Monday, May 20, 2013

I'm So Glad We Have Grocery Stores


Our growing season starts late and ends early around here.  Which is my excuse for just now showing you the little seedlings that I have started for my veggie garden.

One of my goals is to get to the point where I am making most of our food from scratch, and growing as much of what we eat as possible.  Which will lead to canning a lot of what we grow.  Which leads me to feeling like I'm in an episode of Little House on the Prairie except it's more like Little House in the Sage Field.  Whatever.

The point is, I have seedlings.  Which is a feat in and of itself, since I have a notoriously brown thumb.  Not green.  A brown thumb.  As in the color plants turn when they die.

But I have gotten them this far, so let's all just give a small round of applause.  Thank you.

Here is what I started with:

Those weird little things are peat pods.  Dry peat pods.  When I add water to the pods they absorb the water and expand to look like this:

A little army of peat pods.  You can't see it from this angle, but those pods are a couple inches high.  The perfect little home for seeds to sprout.

Then I took these:

For the gardening impaired like myself, those are seeds.

Well, I guess to be more specific:

...those are seeds.

Want a closer look?

Ugh!  Not only seeds, but very dry hands.  Let's move on.

Eventually I want to use non-hybrid heirloom seeds.  Did you know that the produce that we get in the regular ole grocery is mostly grown from hybrid seeds, which means that they combine two types of a certain fruit or veggie to get traits from each.  This gives growers a piece of produce that looks good, tastes right (sort of), and is resistant to pest invasion and all manner of other things, I'm sure (anyone who has grown their own tomatoes and eaten them right off the vine knows that the tomatoes we get from the store don't taste like tomatoes.  They taste like a black and white copy of a tomato.  That is all.).  But if I kept the seeds from that produce and tried to grow it, it wouldn't work.  They might sprout, but they probably wouldn't get you much after that.  Which admittedly, leads one to wonder where they get the seeds in the first place.  So people who actually know what they are doing in a veggie garden often use non-hybrid heirloom.  With heirloom seeds, the seeds can be saved from the produce each year, and used the next year.  And that is my overly simplified, probably only semi correct version of hybrid vs non-hybrid seeds.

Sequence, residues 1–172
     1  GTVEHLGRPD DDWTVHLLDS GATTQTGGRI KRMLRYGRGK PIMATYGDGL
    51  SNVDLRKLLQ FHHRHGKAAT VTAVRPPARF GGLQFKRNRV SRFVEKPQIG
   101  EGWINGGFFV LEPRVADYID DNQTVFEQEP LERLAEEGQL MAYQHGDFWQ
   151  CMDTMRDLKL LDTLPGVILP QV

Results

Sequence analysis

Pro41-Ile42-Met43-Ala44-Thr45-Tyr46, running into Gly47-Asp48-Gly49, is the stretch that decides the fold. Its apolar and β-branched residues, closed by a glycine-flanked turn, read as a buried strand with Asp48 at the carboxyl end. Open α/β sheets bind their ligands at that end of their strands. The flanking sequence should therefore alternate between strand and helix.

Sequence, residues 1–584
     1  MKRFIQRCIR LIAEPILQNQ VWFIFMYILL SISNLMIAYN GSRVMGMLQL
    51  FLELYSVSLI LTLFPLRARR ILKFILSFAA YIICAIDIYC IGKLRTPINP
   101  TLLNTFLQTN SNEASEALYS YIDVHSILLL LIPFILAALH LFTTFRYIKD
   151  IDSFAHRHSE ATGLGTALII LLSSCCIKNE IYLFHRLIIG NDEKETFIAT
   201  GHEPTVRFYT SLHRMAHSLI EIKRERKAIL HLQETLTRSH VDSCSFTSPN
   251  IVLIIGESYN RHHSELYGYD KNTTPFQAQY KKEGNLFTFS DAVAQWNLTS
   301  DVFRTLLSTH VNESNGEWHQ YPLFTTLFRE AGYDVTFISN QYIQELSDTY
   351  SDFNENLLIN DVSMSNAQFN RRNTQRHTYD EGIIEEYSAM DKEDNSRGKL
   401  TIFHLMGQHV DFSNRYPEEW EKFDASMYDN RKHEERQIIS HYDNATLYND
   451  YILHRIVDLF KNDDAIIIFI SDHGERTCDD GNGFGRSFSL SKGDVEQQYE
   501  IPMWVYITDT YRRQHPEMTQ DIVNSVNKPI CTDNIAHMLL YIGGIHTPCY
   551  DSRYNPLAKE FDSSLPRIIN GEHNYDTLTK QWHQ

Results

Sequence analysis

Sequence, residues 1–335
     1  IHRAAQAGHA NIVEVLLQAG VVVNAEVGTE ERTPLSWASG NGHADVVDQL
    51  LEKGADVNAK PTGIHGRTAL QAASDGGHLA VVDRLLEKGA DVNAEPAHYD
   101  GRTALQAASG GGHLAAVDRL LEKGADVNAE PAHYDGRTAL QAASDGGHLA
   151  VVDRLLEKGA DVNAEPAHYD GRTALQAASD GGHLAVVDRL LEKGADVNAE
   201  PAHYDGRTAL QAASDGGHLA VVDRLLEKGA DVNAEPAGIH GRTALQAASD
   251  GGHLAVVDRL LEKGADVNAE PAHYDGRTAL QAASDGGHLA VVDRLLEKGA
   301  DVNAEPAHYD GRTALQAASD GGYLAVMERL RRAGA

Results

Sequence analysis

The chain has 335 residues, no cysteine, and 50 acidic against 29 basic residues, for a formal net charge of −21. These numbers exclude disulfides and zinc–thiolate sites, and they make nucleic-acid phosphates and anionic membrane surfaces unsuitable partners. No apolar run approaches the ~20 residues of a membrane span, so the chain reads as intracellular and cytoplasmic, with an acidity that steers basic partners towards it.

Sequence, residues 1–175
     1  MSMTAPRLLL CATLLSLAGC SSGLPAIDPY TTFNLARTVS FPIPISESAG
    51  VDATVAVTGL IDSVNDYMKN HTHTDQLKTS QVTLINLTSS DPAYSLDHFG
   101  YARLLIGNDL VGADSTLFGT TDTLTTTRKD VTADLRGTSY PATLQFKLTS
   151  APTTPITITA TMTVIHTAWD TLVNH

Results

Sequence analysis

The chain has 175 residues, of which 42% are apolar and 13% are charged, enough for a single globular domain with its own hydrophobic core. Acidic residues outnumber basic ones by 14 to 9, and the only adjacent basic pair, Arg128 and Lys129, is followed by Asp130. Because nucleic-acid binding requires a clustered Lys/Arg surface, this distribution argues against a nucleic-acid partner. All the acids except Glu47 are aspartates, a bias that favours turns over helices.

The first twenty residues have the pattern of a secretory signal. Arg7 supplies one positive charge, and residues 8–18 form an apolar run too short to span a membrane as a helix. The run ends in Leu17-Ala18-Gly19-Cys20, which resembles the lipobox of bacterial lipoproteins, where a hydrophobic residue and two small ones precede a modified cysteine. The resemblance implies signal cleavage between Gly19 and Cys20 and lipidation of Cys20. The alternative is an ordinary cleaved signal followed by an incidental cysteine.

And someday, when I'm not killing every plant in a 3 mile radius, I'll try planting heirloom seeds.  But here in the beginning, I'm not wasting my money.  I'm just learning to grow.

So, I opened the pods a little, and dropped 2-3 seeds in each pod, then covered the seeds just very lightly with the peat.  I used a fork to do that because using my fingers was a mess.  For both me and the seeds.

Then I covered them up with the little plastic cover provided:

Why yes, the lid is upside down.  Let's keep that between us, okay?

Which makes a little greenhouse.  Cute.  I planted three trays of seeds.  Two of tomatoes and one of green peppers.  And I set them in the appropriate place in my house, where they would be warm enough but not to warm, get light but not too much direct light.  And do you know what I had 6 days later?

Nothing.  I had nothing.

So rather than throwing the whole thing out the window, which was, of course, my first reaction, I hopped on the internet to see if I could find out what I was doing wrong. And I read on a couple of sites that seeds respond well to "bottom heat".

Bottom heat.  Okay, I can do that.

So I dug out an old heating pad that I had and put two of my three greenhouse thingys on it.

Because only two would fit, that's why.  I had to rotate.

And I kid you not, not an hour later I had sprouts.  And that night, I had these:

And the next morning I had these:

Those are both tomato sprouts.

The poor pepper sprouts didn't fair quite as well.  I had these:

Yeeeaaaahhhhh.  So, I waited patiently.  And then I waited maybe not quite so patiently.  And I was rewarded!  With these perfect little pepper sprouts:

Those are from Saturday morning.  And my tomato sprouts are going gangbusters.  Wanna see?

Gangbusters.  Look at their little leaves!

I am easily impressed.


I like this last shot because they look like a tiny forest of tiny palm trees to me.  Do you see that?  No?

Did I mention that I'm from California?  And that I like palm trees?  And that we don't have those in the mountains?

So anyway, I have a couple more weeks to get these suckers to a plantable size without killing them entirely when I plant them in the ground at the end of may.  I'm only going to plant the heartiest sprouts.  Hopefully some will be hearty.  Good grief, let's all just keep our fingers crossed.

Then the real fun starts, because I get to prep my little plot of land and plant the rest of my seeds.  I am going to have my tomatoes and peppers plus carrots, peas, green beans, cucumbers, zucchini, watermelon, radishes, and maybe some corn but probably not.  Oh, and some raspberry and blackberry bushes.  And a couple blueberry bushes.  And I want to plant onions and potatoes, but I'm pretty sure I'm late for that.  Or maybe not.  I don't know.  I've never done this before and I'm pretty sure I'll screw it up and my harvest will be tiny, but I am determined to learn.  Because I'm sick of paying for organic stuff. 

Do you have a summer garden?  What do you grow?  Seriously, any tips you have are greatly appreciated.  And I promise to keep you posted.

Even if I kill it all.


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